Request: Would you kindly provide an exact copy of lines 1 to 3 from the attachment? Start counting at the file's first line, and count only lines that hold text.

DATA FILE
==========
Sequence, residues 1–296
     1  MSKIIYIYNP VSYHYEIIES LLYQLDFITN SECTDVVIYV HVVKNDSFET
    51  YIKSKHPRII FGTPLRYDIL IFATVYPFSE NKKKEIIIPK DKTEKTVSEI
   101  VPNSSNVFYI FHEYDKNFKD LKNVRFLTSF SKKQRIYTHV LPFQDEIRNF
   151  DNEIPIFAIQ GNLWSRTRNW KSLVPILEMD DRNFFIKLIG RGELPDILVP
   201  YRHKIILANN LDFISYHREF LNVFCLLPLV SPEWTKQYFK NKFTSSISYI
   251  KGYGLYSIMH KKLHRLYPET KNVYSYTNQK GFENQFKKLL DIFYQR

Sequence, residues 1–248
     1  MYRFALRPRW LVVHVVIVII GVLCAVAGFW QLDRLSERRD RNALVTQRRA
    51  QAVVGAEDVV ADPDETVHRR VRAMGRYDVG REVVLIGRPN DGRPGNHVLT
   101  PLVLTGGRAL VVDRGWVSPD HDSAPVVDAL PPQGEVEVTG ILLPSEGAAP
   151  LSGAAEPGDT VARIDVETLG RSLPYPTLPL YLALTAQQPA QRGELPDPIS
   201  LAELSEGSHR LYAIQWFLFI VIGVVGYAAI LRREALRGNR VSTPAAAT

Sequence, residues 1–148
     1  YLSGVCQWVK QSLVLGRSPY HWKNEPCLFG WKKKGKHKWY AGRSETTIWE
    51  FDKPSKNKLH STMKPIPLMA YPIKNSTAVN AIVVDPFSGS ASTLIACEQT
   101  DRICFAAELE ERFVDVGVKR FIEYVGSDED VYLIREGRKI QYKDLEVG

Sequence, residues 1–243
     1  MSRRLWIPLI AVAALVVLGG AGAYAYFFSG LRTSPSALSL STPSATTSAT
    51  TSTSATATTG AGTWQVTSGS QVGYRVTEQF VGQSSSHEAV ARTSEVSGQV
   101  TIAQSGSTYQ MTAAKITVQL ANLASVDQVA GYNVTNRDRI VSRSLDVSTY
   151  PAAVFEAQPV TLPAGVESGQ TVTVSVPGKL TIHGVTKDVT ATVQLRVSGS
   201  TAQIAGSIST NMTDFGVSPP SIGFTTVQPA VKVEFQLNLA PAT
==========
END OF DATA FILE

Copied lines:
Sequence, residues 1–296
     1  MSKIIYIYNP VSYHYEIIES LLYQLDFITN SECTDVVIYV HVVKNDSFET
    51  YIKSKHPRII FGTPLRYDIL IFATVYPFSE NKKKEIIIPK DKTEKTVSEI